Dec 20, 2016

Is Hot Yoga Good for You?

New York Times
DECEMBER 16, 2016

Question: Is hot yoga good for you?

Answer: Yoga can be traced back to ancient India, and though research is limited, studies suggest it is safe for most people and may have multiple benefits, including easing chronic low-back pain and improving some heart disease risk factors. But even less is known about hot yoga, a more recent form of the mind-body practice. Hot yoga is performed in a room heated to between 80 degrees and 105 degrees Fahrenheit and may be more physically rigorous than regular yoga, making practitioners susceptible to dehydration and muscle injuries, said Casey Mace, an assistant professor of public health at Central Washington University in Ellensburg, Wash.

“People may assume the warnings and benefits and possible risks are the same for all types of yoga, and that’s simply not true,” said Dr. Mace, who has studied hot yoga. Her research found that hot yoga practitioners reported benefits like greater flexibility and improvements in mood, fitness and stamina, but that over half had experienced dizziness, lightheadedness, nausea or dehydration.

“There may be a misconception that these feelings are normal, but they’re not,” she said. “If people are feeling dizzy or have headaches or feel weak or fatigued, it may be related to fluid loss. They should take a break, cool down and get hydrated. Proper hydration is key.”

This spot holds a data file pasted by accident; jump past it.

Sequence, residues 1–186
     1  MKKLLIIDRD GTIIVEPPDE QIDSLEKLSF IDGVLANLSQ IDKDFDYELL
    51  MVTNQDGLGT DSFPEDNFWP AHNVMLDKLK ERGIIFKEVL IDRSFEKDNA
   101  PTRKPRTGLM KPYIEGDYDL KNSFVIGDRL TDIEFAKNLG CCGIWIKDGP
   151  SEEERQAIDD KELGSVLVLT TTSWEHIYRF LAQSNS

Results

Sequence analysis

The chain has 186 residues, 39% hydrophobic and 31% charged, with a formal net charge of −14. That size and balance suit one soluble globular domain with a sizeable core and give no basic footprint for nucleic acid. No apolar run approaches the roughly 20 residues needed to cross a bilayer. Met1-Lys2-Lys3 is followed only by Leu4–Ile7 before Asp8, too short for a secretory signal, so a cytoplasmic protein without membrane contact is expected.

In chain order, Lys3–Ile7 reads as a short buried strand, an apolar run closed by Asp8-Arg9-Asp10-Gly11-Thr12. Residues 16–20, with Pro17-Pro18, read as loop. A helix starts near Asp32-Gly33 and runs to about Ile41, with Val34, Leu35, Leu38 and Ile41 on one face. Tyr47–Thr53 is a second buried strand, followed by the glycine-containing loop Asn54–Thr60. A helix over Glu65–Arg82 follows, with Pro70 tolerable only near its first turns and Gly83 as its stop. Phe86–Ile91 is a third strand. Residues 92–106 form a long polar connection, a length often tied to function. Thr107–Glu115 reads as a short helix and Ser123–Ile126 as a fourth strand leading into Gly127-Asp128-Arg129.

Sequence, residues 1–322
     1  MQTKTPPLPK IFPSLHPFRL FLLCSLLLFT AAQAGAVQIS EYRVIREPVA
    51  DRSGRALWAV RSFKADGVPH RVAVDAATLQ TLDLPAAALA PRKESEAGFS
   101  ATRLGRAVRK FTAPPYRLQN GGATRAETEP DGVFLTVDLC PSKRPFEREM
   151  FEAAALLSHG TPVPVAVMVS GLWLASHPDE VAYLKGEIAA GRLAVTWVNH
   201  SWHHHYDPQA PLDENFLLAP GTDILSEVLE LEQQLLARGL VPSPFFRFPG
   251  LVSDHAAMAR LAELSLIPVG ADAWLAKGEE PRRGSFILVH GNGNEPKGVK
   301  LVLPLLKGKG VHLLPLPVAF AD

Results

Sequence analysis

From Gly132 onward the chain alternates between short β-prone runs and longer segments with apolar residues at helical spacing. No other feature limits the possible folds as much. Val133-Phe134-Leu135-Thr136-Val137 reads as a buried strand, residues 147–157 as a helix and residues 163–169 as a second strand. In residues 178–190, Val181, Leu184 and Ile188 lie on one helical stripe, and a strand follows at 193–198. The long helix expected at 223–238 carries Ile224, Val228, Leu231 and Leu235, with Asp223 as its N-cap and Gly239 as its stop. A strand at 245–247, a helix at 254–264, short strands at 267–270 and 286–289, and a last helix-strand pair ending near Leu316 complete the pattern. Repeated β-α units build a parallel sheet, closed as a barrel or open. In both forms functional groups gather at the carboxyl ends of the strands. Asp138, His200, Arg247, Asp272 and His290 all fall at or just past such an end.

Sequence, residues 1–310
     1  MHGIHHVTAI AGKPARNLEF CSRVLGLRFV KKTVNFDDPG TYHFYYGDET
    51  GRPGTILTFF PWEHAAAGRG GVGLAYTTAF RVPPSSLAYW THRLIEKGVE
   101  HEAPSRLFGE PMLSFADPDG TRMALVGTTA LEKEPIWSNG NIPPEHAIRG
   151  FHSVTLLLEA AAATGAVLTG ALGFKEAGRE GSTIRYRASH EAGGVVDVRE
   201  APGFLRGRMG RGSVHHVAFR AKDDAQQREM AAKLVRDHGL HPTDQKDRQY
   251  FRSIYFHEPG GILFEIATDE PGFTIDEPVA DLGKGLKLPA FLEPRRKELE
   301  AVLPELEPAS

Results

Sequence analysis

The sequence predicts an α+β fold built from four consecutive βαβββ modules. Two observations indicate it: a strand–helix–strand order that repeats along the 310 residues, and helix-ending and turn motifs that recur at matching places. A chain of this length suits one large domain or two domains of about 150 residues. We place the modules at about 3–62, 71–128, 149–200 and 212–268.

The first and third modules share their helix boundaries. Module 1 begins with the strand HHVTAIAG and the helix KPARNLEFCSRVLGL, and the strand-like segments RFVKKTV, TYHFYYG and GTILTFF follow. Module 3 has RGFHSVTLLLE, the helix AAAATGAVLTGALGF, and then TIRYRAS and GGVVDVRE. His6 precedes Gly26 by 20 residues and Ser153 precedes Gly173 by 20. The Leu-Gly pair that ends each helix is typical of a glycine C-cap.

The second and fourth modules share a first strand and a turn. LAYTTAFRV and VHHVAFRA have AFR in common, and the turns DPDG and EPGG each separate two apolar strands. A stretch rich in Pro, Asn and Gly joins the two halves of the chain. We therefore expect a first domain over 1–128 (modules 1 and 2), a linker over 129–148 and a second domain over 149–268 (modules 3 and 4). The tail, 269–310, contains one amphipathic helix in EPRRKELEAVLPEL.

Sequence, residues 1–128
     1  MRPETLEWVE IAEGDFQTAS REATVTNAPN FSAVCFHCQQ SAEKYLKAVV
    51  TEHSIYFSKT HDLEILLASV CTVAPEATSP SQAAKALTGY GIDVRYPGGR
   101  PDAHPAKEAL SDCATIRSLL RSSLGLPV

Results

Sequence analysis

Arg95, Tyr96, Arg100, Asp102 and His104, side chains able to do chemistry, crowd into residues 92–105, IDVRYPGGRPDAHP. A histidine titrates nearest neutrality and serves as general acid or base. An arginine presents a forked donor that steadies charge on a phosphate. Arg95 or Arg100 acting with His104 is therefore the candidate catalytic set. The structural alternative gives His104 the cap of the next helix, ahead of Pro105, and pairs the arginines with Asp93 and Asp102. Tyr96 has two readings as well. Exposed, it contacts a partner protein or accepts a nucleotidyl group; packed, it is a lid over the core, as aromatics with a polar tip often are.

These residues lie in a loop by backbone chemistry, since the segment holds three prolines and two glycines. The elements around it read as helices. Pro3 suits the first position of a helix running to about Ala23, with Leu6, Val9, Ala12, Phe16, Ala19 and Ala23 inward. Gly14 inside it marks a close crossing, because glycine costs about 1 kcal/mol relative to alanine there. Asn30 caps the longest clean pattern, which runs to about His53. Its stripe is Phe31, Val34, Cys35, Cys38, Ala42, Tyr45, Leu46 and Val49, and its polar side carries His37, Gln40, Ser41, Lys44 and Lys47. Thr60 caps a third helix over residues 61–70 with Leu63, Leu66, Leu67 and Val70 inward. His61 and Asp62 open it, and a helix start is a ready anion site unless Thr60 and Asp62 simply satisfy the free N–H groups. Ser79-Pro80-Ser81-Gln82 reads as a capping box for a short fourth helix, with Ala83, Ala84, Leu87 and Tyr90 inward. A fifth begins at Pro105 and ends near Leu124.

Still, Dr. Mace said, “Hot yoga is generally safe, and the side effects we’re seeing are generally mild,” though as with any kind of yoga, the practice does have risks. Doctors in Chicago reported this summer on a case involving a healthy 35-year-old woman who went into cardiac arrest induced by heat stroke during a hot yoga class. The woman survived.

Muscle and joint injuries may be more common with hot yoga because the heat makes people feel more limber than they actually are, and they may overdo it, but data on injuries is also limited, said Carol Ewing Garber, a professor of movement science and kinesiology at Teachers College, Columbia University, and past president of American College of Sports Medicine. “You have to be a bit cautious when you look at studies, because they are conducted with high-quality, well-trained yoga teachers under the best of circumstances,” Dr. Garber said. “The reality is that out in the real world, there is a lot of variability across instructors in terms of their training.”

Research on one form of hot yoga, Bikram yoga, suggests it improves balance, lower body strength and range of motion for both the upper and lower body, and might even help improve arterial stiffness and metabolic measures like glucose tolerance and cholesterol levels, as well as bone density and perceived stress. But the Australian researchers who reviewed the literature — including one who is a co-owner of a Bikram yoga studio — noted that only one randomized controlled trial, the kind considered the gold standard in medicine, had been conducted, and that most studies did not track adverse events and included only healthy adults.

If you have low blood pressure or a pre-existing health condition, consult with a doctor before trying hot yoga. If you have adverse reactions to heat, are prone to heat stroke or dehydration or have a medical reason to avoid being in a hot tub or sauna, you may want to stick with regular yoga. If you are doing a hot yoga class, make sure you’re well hydrated by drinking a lot of water before, during and after class.

“If you’re sweating profusely, it’s very difficult to replenish that fluid,” Dr. Garber said, and many people aren’t good at “recognizing the early signs of heat illness.” These include thirst, profuse sweating, dizziness or headaches, weakness, muscle cramps and nausea or vomiting.

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